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Money for police cannot be pegged to cooperation with ICE , judge rules . 👍😎 LA Times, 20180412. A federal judge has ruled the U. Justice Department cannot favor police departments that cooperate with Immigration and Customs Enforcement when awarding grant funds.

Los Angeles routinely applies for funds through the program and received $3.125 million in 2016, which helped hire 25 officers, according to Feuer's office.

But last year the rules for how funds would be awarded included a new caveat: Police departments that cooperated with immigration agents on identifying and apprehending jail inmates believed to be in the country illegally would be viewed more favorably.

Police departments seeking some of the $98 million pool of grant money were asked to demonstrate that they alert immigration agents before releasing jail inmates and give immigration agents jail access in order to conduct inmate interviews and review files. Los Angeles, which refused to abide by the new rules, was not awarded any money from the $98 million pool.

In issuing his ruling, U.S. District Judge Manuel Real agreed with Feuer that the new funding rules violated the separation of powers laid out in the nation's Constitution.

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The new rules , his office said, are designed to strengthen trust between police agencies and the state’s diverse immigrant communities. U.S. District Judge Michael Baylson ruled that the Trump administration’s attempt to withhold about .5 million in federal law-enforcement grant money

A federal judge ruled in favor of L.A., which claimed it was being punished by the Department of Justice for not following stricter immigration But last year, new rules from the Trump administration asked that cities alert immigration agents before releasing inmates and allow those agent to conduct

Real found the funding conditions were an improper attempt to force local police to participate in immigration enforcement, which is the job of the federal government. The move, Real found, "upset the constitutional balance between state and federal power by requiring state and local law enforcement to partner with federal authorities."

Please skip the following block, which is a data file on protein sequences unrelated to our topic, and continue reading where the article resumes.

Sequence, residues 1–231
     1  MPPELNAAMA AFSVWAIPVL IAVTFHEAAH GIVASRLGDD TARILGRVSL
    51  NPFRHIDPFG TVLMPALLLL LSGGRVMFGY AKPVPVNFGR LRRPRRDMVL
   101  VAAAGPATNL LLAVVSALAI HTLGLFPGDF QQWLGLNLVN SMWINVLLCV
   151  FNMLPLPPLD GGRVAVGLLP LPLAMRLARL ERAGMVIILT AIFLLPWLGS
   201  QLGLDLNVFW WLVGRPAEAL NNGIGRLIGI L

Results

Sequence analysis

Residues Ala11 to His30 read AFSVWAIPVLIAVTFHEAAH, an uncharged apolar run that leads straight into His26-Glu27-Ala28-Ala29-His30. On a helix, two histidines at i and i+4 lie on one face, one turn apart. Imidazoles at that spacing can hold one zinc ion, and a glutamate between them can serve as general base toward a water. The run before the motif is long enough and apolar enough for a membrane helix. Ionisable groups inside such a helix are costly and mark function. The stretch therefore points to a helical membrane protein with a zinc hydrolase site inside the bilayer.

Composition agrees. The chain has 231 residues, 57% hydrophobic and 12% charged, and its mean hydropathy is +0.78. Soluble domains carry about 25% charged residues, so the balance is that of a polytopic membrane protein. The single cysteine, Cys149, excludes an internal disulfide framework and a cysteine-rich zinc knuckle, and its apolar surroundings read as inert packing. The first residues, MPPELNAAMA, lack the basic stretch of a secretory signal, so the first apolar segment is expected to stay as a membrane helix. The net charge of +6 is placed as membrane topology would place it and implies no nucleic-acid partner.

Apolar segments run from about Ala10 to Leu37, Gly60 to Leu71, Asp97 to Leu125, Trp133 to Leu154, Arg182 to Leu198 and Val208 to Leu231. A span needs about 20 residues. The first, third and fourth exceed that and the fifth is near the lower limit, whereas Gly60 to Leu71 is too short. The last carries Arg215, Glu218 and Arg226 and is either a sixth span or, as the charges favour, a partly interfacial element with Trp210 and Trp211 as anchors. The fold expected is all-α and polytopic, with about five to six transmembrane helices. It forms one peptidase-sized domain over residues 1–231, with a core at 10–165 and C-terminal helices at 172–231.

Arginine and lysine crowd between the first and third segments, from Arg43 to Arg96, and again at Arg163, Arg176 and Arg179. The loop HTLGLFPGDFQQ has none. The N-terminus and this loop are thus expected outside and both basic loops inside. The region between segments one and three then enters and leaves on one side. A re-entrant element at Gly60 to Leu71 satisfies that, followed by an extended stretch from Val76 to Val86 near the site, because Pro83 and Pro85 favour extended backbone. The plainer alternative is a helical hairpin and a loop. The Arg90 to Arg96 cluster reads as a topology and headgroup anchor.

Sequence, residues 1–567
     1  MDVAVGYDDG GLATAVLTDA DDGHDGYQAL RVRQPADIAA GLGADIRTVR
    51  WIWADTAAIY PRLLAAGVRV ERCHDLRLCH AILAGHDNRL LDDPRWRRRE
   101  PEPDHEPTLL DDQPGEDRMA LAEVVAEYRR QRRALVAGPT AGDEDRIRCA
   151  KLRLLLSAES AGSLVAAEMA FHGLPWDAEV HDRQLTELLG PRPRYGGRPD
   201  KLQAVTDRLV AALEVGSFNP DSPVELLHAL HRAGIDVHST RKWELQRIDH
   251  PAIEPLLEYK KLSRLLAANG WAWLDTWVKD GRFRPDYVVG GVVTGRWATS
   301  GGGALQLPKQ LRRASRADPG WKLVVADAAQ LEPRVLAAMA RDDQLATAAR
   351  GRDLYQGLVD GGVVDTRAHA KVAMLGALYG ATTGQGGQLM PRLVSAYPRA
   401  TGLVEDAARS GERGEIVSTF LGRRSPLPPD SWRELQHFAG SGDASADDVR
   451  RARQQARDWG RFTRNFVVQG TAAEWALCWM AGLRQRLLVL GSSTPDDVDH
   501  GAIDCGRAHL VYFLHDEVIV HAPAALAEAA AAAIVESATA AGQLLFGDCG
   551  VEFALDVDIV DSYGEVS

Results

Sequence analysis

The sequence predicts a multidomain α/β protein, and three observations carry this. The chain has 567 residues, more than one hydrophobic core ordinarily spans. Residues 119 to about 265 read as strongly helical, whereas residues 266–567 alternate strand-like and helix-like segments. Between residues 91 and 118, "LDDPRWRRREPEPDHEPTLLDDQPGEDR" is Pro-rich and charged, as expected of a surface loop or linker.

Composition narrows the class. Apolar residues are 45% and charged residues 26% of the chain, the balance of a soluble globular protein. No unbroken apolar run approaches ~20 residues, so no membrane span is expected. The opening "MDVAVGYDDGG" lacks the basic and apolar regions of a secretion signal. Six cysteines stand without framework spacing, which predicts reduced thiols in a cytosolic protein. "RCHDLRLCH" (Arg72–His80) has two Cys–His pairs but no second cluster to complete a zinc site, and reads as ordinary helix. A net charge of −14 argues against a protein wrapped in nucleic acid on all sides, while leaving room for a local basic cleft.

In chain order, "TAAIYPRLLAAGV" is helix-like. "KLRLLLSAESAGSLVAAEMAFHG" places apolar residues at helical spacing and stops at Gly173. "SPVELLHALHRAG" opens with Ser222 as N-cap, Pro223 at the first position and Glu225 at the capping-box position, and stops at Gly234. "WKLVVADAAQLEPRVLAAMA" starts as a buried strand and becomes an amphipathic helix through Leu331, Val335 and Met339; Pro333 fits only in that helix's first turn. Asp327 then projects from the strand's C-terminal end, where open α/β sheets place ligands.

They also crossed the authority given to Congress, not the executive branch, to control government spending, Real said.

As a result, Los Angeles and other cities that refused to adhere to the funding rules were put at a disadvantage and would be handicapped again in future years.

Eric Garcetti et al. in uniform standing in front of a curtain: Los Angeles Mayor Eric Garcetti, center, flanked by Los Angeles City Attorney Mike Feuer, left, and LAPD Chief Charlie Beck, during a press conference detailing a court ruling against the Trump administration regarding its efforts to withhold federal grants from jurisdictions over their immigration enforcement policies on Thursday, April 12, 2018 at City Hall in Los Angeles, Calif. © Gary Coronado/Los Angeles Times/TNS Los Angeles Mayor Eric Garcetti, center, flanked by Los Angeles City Attorney Mike Feuer, left, and LAPD Chief Charlie Beck, during a press conference detailing a court ruling against the Trump administration regarding its efforts to withhold federal grants from jurisdictions over their immigration enforcement policies on Thursday, April 12, 2018 at City Hall in Los Angeles, Calif.

The remedy, Real concluded, was to issue the permanent injunction against the Justice Department.

Visit the Los Angeles Times at www.latimes.com